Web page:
Tanzania is an ideal safari destination, with incredible wildlife and pristine wilderness. Witnessing the Great Migration is one of the highlights of a Tanzania tour. The great migration is usually in the Serengeti from December to September. During the dry months of December, January, and February the migration is a mass of hundreds of thousands of animals. While in the months of March, April, and May the migration splits up into different groups roaming around the Serengeti in search of fresh grasses. For the best wildlife viewing visit during the months of November/December to February and July to September. To avoid the crowds, consider planning your trip in May, June, or November. Here are a few of our Tanzania travel tips to consider when planning your safari.
Pack light. Be sure your bags are less than 20kg, as that is the maximum weight allowed on most airlines. Bring a light suitcase that is easy to carry, as well as a small day pack to bring with you on safari drives to hold your camera, snacks, water, etc.
Wear neutral colored, lightweight clothes that dry quickly. Clothing in earthy tones does not attract insects and blends in with nature. Avoid black clothing, as it absorbs the heat. Bring a jacket for early morning drives and chilly nights.
Consider staying in a canvas tent, close to the wildlife and under the beautiful Serengeti night sky. Camping allows for great flexibility to explore more remote locations. Nasikia Luxury Camps are mobile camps that shift location, depending on the Great Wildebeest Migration. The luxury camps have ensuite bathrooms, running water, and hot showers. Whether you are looking for a luxury safari experience or are on a budget, we offer a wide range of camping options all allowing for prime game viewing.
Prepare for a range of weather conditions. Tanzania has a tropical climate, but it can vary throughout the country. Rainy season is from March to June in the coastal regions and from November to December and February to May in the highlands. However, even if you are traveling during the dry season it is advisable to prepare for all types of weather.
Bring cash with you. Though the frequency of ATMs is increasing, there are still many places that only accept cash. Keep bills of varying amounts with you during your Tanzania safari, as smaller bills are useful for snacks, drinks, souvenirs and tipping. Be sure the dollars you bring are new notes printed after 2004, as older currency is often rejected.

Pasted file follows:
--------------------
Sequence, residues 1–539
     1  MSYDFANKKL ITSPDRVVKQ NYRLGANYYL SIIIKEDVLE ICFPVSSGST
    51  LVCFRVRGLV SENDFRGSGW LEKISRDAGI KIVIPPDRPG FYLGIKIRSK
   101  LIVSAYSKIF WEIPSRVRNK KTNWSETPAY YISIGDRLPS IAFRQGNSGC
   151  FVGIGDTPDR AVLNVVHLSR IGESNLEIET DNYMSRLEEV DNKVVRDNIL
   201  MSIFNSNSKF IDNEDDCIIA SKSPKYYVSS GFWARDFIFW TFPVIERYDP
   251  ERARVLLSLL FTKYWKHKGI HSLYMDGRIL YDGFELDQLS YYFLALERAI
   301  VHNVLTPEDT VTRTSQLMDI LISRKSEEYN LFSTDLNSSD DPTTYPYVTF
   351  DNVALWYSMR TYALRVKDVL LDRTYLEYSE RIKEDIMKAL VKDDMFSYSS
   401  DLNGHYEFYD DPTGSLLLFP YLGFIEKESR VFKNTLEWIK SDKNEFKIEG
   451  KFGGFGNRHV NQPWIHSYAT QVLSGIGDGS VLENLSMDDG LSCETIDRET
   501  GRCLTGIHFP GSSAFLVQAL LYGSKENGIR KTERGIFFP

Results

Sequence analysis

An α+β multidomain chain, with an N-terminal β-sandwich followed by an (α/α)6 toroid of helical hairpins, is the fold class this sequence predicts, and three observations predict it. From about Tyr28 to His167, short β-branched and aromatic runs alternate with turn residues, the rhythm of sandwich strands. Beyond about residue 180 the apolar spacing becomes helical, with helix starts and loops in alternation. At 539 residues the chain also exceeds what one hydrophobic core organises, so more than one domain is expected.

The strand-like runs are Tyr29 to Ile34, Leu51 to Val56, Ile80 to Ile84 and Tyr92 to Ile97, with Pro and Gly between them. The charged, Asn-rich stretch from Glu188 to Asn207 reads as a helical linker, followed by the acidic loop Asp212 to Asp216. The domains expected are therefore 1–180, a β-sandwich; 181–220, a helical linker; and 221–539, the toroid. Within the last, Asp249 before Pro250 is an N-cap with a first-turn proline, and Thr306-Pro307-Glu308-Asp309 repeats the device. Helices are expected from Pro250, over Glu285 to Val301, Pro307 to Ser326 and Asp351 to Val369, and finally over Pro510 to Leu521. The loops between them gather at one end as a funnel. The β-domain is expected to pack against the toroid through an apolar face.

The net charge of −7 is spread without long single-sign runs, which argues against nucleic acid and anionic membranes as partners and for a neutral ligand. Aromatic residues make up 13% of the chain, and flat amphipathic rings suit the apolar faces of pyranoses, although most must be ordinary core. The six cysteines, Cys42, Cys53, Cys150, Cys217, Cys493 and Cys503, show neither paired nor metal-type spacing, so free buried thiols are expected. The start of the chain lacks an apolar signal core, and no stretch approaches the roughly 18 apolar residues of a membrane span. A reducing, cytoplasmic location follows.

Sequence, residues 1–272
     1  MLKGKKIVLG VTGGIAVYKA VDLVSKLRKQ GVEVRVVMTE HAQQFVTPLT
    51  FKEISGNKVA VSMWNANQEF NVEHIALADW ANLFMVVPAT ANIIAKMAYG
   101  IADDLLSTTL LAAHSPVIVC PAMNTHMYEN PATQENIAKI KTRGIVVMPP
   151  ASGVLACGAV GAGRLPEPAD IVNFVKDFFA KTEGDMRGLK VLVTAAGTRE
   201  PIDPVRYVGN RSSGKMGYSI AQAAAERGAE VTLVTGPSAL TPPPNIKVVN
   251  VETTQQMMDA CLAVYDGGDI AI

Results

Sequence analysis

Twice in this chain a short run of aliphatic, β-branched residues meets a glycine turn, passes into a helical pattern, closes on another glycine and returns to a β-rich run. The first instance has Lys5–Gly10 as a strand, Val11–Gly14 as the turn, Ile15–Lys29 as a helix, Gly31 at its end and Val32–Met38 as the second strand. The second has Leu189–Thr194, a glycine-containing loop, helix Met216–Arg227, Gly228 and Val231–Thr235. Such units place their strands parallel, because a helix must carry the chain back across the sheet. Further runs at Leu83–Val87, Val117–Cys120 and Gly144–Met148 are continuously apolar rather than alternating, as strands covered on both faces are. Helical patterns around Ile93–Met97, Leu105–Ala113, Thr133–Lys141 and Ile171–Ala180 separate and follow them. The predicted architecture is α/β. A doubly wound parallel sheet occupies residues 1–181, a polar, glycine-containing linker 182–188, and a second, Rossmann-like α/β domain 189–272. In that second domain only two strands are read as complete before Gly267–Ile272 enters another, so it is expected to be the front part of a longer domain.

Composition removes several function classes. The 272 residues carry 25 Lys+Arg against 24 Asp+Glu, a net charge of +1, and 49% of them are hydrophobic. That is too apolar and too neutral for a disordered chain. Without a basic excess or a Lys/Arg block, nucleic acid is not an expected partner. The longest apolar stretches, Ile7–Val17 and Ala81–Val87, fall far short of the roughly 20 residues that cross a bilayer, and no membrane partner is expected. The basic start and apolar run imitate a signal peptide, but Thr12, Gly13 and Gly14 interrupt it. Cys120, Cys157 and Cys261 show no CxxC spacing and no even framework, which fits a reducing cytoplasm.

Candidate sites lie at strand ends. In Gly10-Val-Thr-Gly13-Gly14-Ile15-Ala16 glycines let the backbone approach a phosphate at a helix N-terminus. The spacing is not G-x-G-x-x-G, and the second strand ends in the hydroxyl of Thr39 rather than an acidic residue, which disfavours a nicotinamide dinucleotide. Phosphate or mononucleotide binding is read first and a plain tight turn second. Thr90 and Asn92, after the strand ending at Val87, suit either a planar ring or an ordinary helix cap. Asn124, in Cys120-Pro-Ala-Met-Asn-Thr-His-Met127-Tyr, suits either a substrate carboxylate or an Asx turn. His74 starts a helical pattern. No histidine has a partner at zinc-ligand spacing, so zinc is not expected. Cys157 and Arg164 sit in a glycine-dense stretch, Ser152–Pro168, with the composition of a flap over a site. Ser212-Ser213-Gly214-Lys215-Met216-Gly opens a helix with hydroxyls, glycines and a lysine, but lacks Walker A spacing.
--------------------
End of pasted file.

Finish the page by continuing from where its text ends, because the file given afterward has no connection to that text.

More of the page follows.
Stay hydrated. Always make sure your drinking water is clean, ensuring it is either bottled or has been boiled.
Be patient. Guides will do their best to ensure you encounter a wide range of wildlife, but animal behavior can be unpredictable. Instead of becoming frustrated when you don’t see the big 5, simply take the time to appreciate the beauty and nature around you.
Participate in the early morning drives. The morning and afternoon light are best for wildlife photography.
Read about Tanzania wildlife and customs before you go. Check out our Know Before You Go: Tanzania guide for insight into appropriate behavior and cultural norms. The local people will greatly appreciate your efforts.
Do not approach the animals on foot. Listen to all the rules and instructions from your guide.
Avoid displays of wealth. Just like traveling to any foreign country, it is advisable to keep your valuables at home. It is highly unlikely you’ll experience security problems on your trip to Africa, but we recommend that you avoid displays of wealth, such as wearing expensive jewelry, and avoid certain areas of large towns late at night.
Do not extend your hand to a woman (if you are male), unless she does so first. Handshakes are appropriate for greeting, however because the country has a large Muslim population, it is more appropriate for women to greet men with a small bow.
Avoid public displays of affection, as this will attract negative attention. Close touching is not appropriate between members of the opposite sex.
Do not use your left hand when eating, shaking hands, passing something to another person, or handling produce at the market, as it is customary to use your right hand.
Do not prop your feet up on tables or chairs, as having the bottom of your shoe pointing toward a person is considered rude.
Do not photograph people without their permission. There will be countless incredible photos to capture on your safari, including the wildlife or aspects of the local culture. Just be sure to ask the locals for permission before taking a picture of them.